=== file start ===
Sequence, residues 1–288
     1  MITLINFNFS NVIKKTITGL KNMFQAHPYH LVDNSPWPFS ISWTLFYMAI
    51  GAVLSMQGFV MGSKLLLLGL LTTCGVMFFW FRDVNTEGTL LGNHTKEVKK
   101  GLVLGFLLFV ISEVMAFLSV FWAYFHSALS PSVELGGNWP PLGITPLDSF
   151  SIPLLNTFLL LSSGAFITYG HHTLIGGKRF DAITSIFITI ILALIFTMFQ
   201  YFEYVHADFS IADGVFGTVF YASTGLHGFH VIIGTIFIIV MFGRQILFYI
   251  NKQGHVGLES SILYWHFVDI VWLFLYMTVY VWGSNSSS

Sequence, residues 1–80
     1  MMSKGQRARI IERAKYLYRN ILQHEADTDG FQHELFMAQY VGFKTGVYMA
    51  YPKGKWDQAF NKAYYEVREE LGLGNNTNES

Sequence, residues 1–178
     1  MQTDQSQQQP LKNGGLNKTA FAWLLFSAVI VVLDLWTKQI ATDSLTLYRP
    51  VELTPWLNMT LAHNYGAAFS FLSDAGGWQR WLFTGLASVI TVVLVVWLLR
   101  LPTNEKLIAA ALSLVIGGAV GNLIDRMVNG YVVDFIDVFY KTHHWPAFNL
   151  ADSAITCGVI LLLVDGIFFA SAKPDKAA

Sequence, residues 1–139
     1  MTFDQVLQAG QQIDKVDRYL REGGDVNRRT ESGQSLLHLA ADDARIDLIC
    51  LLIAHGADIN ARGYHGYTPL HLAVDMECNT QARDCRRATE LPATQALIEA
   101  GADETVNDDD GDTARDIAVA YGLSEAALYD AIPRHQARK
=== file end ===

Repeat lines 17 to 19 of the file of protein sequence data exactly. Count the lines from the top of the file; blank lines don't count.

     1  MTFDQVLQAG QQIDKVDRYL REGGDVNRRT ESGQSLLHLA ADDARIDLIC
    51  LLIAHGADIN ARGYHGYTPL HLAVDMECNT QARDCRRATE LPATQALIEA
   101  GADETVNDDD GDTARDIAVA YGLSEAALYD AIPRHQARK